China has successfully conducted its first flight landing on its new aircraft carrier, the Liaoning, state media reported on Sunday, in a move that extends Beijing’s ability to project its growing military might in territorial disputes.
A carrier-based fighter jet, identified as the J-15, was seen landing and taking off in exercises on the Liaoning in a video shown Saturday night on China Network Television, the online division of state broadcaster CCTV. The station did not disclose the date or dates on which the exercises were conducted.
“The successful landing... has always been seen as a symbol of the operating combat capability for an aircraft carrier,” Zhang Junshe, a vice director at the military’s Naval Affairs Research Institute, told state television.
“This is a landmark event for China’s aircraft carrier... and [moves it] one step closer to combat readiness.”
This is the first official confirmation of a successful flight exercise on the Liaoning since the Chinese Communist Party-sponsored tabloid Global Times broke the news on November 20, quoting anonymous sources.
[A clip from CCTV shows the J-15 landing at 1:34--1:55 and taking off at 2:41--3:12.]
The flight exercise also marked the unveiling of the J-15 as China’s first generation multipurpose carrier-borne fighter jet, the official Xinhua News Agency quoted the Chinese navy as saying.
"The technical capabilities of both the carrier platform and the aircraft were adequately tested and proven. The carrier-aicraft compatibility was excellent, and reached design specifications," said the Xinhua report.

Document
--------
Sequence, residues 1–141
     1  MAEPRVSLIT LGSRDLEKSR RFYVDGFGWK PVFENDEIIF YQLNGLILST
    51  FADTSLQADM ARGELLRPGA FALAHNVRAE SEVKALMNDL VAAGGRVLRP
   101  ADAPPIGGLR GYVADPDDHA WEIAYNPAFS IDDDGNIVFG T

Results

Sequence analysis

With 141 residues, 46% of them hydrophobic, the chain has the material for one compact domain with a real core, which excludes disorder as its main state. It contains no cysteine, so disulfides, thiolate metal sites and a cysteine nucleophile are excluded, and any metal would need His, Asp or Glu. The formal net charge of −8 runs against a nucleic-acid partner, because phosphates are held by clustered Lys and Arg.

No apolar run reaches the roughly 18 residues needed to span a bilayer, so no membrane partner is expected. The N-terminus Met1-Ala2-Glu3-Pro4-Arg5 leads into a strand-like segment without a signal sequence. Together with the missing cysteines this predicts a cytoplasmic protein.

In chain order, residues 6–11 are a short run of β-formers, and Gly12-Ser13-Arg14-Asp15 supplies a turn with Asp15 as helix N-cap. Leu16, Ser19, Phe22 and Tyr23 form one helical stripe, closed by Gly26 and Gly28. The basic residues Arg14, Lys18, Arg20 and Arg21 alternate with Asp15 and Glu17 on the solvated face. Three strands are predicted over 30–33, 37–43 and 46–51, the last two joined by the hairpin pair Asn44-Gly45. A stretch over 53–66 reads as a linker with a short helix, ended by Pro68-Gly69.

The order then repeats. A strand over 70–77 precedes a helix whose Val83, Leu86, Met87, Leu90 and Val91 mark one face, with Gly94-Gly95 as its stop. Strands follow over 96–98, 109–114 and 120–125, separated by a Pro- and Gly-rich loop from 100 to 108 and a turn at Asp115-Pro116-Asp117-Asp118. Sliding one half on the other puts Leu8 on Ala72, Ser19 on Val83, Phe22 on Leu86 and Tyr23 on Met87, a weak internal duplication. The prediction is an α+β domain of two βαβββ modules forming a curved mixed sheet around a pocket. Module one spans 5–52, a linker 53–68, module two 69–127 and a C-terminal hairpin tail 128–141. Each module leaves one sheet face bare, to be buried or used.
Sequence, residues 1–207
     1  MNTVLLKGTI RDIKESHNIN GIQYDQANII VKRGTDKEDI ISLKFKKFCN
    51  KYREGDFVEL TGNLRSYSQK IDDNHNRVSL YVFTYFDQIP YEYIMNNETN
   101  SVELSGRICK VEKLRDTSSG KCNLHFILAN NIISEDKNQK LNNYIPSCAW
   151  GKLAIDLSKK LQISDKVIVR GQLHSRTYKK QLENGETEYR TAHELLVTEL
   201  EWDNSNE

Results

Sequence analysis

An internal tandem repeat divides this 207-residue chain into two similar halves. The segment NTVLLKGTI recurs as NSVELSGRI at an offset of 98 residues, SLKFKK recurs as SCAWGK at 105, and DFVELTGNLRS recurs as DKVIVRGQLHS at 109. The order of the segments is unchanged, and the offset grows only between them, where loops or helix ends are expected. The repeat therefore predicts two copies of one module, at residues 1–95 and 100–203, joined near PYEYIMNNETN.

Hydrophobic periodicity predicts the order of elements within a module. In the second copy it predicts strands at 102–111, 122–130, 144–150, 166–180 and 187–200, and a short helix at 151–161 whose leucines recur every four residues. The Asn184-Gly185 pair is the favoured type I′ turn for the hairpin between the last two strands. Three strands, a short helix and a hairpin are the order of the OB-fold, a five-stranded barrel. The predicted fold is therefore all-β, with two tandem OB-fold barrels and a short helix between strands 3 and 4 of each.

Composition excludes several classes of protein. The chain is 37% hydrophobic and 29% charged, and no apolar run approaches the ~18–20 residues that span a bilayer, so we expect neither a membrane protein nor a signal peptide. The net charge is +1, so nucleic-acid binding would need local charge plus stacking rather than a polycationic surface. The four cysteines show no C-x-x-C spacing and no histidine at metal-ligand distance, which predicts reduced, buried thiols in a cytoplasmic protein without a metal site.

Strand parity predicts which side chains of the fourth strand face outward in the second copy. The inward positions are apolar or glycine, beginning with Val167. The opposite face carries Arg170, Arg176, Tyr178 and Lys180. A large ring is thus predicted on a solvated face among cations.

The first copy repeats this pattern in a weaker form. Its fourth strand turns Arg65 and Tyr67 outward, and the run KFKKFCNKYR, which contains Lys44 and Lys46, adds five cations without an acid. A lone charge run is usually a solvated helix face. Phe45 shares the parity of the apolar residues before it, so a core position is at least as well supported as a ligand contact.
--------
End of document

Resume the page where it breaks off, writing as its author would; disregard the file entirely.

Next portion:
During the tests, highly technical cable landing technology was employed, China's defence ministry said without going into details.
The take off of the J-15 was also successful, it added.
Since the carrier entered service, the crew have completed more than 100 training and test programmes, the ministry said.
The Chinese navy took delivery of the Liaoning, which was retrofitted and rebuilt from the unfinished Soviet carrier, the Varyag, only two months ago. The 300-metre ship had undergone extensive repair and refitting in Liaoning province for the past 10 years.
Its commission was seen as a symbol of China's rising naval ambitions and intensified maritime disputes China has with its neighbours over the South China Sea and Diaoyu Islands.
Tensions in the East China Sea have risen dramatically in recent months over islands known as the Diaoyus to Beijing and claimed by Tokyo as the Senkakus.
China is locked in a similar row with Vietnam and the Philippines in the South China Sea.
At a key Communist Party congress earlier this month, outgoing President Hu Jintao urged the nation to push forward fast-paced military modernisation and set the goal of becoming a “maritime power”.
Such an endeavour would mean that China would soon need to construct an independently built aircraft carrier, Hu Wenming, chairman of China State Shipbuilding Corp (CSSC) that retro-fitted the Liaoning, said.
“We must enhance our independent weapons and equipment research and production capacity to match the country’s clout, and independently build our own aircraft carriers,” Hu told the China Daily on the sidelines of the congress.
A top Taiwan intelligence official said earlier this year that China had already decided to build two aircraft carriers. However despite rumours that work has already begun, there is no evidence has started.
Agence France-Presse contributed to this report.